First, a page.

Thursday, 11 April 2013

Monfragüe National Park

Day two of my Spanish adventure was spent in Monfragüe National Park. We only had two days in Extramadura, and so reading previous trip reports it seemed that this was the most sensible option, both for Western Pal ticks and also photographic opportunities. Following heavy rain in the night, and sadly during a lot of the previous day, it actually dawned fine. Heading north though it became darker and darker, and as we hit the mountains it really closed in. Bugger. We soon reached our first destination, the impressive Pena Falcon cliff face, and considered our options. Easy! Despite the clag, we bailed from the car and went and stood admiring the amazing view of hundreds of damp Griffon Vultures sat on rocks! With them were two Black Vultures and two Egyptian Vultures, whilst a Cormorant on the river below was a trip tick. The weather seemed to be moving in from the south, and gradually it cleared, a little warmth appeared, and all of a sudden birds were on the move!



We spent over four hours here, until well past lunchtime, waiting for Vultures to fly within range - more on that here, but also enjoying the overall spectacle and all the other birds that were around. These included Serins, Goldfinches, Blue Tits, Red-rumped Swallows, Crag Martins, Blue Rock Thrushes, and an incredibly friendly Rock Bunting.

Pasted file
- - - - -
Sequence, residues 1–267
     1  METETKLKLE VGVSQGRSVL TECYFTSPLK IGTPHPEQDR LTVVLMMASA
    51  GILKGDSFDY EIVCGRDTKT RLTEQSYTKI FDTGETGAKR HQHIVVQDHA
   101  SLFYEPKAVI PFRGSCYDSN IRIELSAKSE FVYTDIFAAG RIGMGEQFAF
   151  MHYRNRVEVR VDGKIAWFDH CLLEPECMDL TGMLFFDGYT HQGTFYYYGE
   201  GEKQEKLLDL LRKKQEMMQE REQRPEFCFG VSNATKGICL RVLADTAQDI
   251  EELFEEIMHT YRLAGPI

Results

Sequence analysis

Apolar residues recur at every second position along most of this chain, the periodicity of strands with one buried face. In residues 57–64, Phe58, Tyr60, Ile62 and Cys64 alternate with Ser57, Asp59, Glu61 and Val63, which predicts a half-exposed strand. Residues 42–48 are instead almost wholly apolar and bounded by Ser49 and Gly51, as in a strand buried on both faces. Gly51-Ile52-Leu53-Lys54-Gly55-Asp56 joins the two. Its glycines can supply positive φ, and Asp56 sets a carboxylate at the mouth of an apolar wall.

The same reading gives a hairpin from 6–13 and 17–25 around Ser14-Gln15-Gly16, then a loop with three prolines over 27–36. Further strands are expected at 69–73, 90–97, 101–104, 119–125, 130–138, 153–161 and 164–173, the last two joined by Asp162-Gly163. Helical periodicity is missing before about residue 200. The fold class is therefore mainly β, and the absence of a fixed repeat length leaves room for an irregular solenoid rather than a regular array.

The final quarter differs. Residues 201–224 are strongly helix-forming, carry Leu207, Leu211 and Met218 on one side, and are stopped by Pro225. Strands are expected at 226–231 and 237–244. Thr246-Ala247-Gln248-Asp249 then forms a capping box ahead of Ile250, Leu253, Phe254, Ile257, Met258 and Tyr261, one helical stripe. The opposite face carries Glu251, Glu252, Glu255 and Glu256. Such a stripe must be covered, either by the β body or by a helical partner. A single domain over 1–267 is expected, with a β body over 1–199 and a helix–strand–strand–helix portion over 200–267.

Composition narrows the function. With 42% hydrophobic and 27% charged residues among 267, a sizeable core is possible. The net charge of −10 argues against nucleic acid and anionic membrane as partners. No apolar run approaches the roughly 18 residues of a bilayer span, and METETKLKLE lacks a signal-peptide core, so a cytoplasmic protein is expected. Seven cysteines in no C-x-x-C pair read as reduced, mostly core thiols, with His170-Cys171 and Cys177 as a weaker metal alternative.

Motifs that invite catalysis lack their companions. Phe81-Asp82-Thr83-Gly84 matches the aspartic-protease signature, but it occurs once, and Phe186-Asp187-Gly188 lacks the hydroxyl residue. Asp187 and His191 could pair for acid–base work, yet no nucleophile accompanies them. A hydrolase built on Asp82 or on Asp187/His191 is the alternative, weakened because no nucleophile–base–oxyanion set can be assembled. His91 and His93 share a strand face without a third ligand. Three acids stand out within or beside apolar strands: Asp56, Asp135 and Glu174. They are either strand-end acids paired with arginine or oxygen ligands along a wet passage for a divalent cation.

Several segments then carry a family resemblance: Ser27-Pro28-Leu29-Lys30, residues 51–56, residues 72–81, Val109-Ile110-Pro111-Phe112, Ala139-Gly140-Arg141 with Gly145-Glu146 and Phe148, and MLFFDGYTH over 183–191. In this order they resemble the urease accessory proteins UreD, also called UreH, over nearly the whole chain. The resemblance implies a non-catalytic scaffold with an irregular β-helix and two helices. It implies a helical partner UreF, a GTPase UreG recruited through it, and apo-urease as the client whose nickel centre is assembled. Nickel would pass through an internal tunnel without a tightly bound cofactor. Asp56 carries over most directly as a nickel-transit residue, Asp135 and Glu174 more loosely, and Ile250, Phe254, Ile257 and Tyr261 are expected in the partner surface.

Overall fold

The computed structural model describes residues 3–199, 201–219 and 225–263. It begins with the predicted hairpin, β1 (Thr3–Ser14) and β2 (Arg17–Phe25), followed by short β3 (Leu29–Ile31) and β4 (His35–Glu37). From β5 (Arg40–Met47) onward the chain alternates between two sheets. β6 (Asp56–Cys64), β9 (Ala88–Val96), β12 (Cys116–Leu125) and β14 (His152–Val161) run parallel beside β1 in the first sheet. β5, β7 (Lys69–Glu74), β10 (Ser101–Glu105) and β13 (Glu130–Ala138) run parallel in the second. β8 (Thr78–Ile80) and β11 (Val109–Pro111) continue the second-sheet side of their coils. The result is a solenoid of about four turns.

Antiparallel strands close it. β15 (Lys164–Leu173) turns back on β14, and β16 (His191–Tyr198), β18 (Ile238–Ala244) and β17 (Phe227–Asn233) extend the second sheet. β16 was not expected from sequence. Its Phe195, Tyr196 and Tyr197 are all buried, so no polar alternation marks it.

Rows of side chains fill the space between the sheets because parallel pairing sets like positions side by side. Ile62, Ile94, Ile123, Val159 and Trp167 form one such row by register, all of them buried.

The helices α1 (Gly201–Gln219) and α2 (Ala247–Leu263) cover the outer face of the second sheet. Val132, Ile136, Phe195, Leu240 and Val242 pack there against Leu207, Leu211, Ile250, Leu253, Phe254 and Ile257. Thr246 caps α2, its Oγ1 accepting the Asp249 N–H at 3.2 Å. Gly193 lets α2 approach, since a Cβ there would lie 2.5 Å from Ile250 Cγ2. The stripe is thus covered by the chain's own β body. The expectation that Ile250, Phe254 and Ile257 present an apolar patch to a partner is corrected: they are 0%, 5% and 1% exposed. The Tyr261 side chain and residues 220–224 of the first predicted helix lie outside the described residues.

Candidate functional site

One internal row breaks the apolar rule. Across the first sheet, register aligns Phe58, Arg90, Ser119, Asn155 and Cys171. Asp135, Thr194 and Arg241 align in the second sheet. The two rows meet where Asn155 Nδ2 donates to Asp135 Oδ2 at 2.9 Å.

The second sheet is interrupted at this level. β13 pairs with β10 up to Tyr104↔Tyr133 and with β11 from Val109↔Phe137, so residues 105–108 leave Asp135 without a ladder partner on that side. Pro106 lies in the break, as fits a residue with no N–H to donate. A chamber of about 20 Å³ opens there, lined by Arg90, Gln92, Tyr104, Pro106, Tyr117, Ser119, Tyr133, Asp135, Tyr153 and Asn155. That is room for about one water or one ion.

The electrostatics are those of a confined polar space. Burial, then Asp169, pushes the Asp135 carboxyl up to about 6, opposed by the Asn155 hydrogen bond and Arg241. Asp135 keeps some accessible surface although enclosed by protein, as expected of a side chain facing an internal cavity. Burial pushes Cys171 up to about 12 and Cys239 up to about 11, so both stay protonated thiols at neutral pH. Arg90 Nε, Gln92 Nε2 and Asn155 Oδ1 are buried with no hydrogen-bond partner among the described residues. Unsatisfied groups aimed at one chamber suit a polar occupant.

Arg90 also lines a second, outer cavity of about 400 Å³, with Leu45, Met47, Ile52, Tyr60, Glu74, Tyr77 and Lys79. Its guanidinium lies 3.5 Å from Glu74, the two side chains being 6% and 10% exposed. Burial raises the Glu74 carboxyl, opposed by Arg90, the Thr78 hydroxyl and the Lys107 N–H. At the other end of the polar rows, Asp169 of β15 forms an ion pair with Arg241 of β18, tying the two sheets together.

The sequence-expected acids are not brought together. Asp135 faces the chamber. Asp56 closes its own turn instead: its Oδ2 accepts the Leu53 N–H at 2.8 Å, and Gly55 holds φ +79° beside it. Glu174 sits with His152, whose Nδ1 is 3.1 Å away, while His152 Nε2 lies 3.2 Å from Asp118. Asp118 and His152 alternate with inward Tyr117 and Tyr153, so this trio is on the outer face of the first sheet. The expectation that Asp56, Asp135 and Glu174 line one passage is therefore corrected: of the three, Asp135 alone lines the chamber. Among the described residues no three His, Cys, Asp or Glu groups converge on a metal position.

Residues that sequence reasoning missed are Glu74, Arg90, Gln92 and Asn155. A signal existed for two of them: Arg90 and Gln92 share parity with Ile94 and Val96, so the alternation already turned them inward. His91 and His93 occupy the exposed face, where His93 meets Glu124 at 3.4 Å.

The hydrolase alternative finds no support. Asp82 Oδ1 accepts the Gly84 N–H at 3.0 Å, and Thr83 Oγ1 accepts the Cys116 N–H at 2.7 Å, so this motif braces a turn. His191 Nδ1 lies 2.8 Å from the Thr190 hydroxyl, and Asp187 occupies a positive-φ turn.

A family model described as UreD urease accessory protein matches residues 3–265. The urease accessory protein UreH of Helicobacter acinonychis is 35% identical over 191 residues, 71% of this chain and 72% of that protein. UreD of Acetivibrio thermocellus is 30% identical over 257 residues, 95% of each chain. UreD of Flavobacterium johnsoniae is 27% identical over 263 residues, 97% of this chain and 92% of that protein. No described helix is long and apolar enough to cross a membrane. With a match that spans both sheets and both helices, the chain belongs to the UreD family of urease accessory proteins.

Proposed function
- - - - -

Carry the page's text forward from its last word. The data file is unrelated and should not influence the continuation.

Driving onwards through the Park towards the next location at Portilla del Tietar took forever as we stopped continually, but it was worth it. Siskins, loads of Hawfinch, Black Kites and more. At the Portilla site were more Vultures and a miserable-looking Eagle Owl, for once again it was chucking it down. Muffin got great views of this new bird though, and I probably had better views that the birds I saw in Bulgaria. Retracing our steps, as I felt it looked clearer to the west, we found ourselves back at the Pena Falcon around mid-afternoon. A Subalpine Warbler was new, and embarrassingly a new bird for me, but again it was all about the sheer spectacle of what was taking place around us. Hundreds of Griffons were up, and more of them were at eye-level....


We probably explored only a fraction of the Park, and indeed most of the time were stationary at one of two spots. It would have been nice to have walked a few tracks, but with the weather slightly dicey, we didn't want to find ourselves stuck in a downpour so played it safe. Of all the locations in Spain I visited, this is where I'm going back to just as soon as I can.


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